Is perpetual Alpha/Beta really an issue?

I see this come up every so ofter, usually whenever someone remembers that Gmail is still in beta.  The real question is why does this label bother some people?  Gmail is a great product so does it really matter if the developers want to consider it beta and not version 1?  Aren’t version numbers really obsolete in today’s world of web applications?  What are they good for anyway?

It seems to me that version numbers are meant to unify a product together.  Version 1 has a list of features and version 1.1 has a list of additional features and fixes of previous version’s problems.  Every project has its own way of dealing with version numbers.  Each chooses what an individual decimal place will represent and when to cut off a particular version.  For customers, the version number serves as a guide.  The higher the number, the more recent, and hopefully more improved an application is.  It serves as a reason for consumers to upgrade their software.  However, in a world where only one version of the application is running and is updated automatically, do version numbers really make any sense?  The choice of which version to run is no longer in the hands of the consumer, but the developer.

Internally, the version system still makes sense.  It enables developers to track their progress, set goals, and figure out when to update the web app.  However, the consumers really just need to know when the app they are using has been updated and what those changes may have been, not really the version number.  And this leads us to the discussion of alpha/beta labels.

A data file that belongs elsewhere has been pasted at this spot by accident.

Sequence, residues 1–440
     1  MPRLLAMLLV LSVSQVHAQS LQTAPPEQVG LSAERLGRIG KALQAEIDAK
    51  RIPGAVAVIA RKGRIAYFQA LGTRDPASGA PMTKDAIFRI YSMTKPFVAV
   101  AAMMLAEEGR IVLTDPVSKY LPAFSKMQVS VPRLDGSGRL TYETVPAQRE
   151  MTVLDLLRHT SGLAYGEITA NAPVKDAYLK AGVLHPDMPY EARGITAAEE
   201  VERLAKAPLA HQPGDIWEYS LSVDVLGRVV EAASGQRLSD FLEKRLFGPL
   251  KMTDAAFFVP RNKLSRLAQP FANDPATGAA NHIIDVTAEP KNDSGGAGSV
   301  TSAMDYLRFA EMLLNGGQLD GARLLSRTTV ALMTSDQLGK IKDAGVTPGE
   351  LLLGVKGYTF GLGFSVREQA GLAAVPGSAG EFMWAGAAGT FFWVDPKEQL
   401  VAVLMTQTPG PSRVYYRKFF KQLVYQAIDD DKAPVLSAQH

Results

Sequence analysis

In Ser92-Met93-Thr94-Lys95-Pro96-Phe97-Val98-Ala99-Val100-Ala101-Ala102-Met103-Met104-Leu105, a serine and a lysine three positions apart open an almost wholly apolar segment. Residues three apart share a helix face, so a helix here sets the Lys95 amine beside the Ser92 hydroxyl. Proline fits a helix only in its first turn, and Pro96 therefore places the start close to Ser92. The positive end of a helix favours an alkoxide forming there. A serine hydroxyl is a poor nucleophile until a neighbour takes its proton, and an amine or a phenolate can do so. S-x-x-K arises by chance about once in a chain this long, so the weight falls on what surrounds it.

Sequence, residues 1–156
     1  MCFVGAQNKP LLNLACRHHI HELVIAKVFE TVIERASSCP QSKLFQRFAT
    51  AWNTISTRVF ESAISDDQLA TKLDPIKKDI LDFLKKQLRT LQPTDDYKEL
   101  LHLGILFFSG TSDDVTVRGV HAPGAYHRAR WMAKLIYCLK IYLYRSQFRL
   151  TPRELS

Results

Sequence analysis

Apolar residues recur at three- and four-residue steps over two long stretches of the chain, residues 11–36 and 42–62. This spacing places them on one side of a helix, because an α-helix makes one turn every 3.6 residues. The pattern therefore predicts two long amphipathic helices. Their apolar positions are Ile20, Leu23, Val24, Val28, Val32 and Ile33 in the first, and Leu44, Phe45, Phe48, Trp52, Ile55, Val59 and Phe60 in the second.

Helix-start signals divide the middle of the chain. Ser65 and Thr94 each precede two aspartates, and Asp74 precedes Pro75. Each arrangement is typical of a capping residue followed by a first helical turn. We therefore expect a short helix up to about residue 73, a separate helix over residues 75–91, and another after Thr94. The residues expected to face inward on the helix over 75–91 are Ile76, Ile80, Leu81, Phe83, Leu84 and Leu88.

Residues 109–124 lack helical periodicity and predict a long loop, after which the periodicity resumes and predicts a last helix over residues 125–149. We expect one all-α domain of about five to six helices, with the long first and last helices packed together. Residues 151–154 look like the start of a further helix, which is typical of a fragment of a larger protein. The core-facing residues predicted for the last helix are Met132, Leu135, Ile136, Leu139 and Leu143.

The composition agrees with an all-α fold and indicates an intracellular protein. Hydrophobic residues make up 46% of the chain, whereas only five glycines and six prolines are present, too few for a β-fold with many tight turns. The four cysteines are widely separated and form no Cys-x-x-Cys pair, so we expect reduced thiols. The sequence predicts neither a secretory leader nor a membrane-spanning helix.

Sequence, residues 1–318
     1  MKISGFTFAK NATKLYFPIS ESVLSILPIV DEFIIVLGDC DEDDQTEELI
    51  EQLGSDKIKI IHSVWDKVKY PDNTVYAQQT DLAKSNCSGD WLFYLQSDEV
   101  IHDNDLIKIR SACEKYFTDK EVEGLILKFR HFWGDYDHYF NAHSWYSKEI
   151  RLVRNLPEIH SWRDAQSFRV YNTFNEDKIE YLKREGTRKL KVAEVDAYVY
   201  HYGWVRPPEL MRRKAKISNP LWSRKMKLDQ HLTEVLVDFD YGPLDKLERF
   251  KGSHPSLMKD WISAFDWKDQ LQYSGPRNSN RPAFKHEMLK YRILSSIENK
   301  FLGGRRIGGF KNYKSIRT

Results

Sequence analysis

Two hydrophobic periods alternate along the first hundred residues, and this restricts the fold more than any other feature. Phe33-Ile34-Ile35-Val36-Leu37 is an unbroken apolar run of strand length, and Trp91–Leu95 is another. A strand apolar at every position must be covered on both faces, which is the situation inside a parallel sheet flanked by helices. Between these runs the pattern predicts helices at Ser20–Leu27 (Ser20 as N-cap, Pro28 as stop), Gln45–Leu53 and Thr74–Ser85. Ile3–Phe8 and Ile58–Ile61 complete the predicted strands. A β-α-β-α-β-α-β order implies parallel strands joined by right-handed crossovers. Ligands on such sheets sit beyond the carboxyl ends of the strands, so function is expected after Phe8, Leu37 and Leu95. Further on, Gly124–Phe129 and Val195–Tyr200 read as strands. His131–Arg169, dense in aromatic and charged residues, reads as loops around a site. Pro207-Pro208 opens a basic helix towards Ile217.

It seems to me that alpha and beta labels are there to specify how much consumers should trust the software they are using and how much input they may have in its development.  To me alpha signifies a very early release of a web application.  Something that has some very basic (core) functionality but not much else.  Developers that release web applications at the alpha stage are really asking for feedback from the user community.  They want to feel out if a community is even there and what its needs are.  These developers have an idea of where they want their web app to go, but are willing to adjust that vision based on the response.  This is the point at which the software is most malleable, ready for customer to tell the developers exactly what they want.  At the alpha stage, developers are allowing themselves to make mistakes that can be fixed by drastic changes.  They are willing to just try many different ideas to see what resonates with their customers.

As an example, Graphsy ( is currently in the alpha stage of the process.  It has basic graph drawing functionality, but not many bells and whistles yet.  I have a plan of where Graphsy should go, but am very willing to adjust it to meet demand.  Little of it is implemented yet, but the code base has been refactored three times now to insert new features as a response to user suggestions.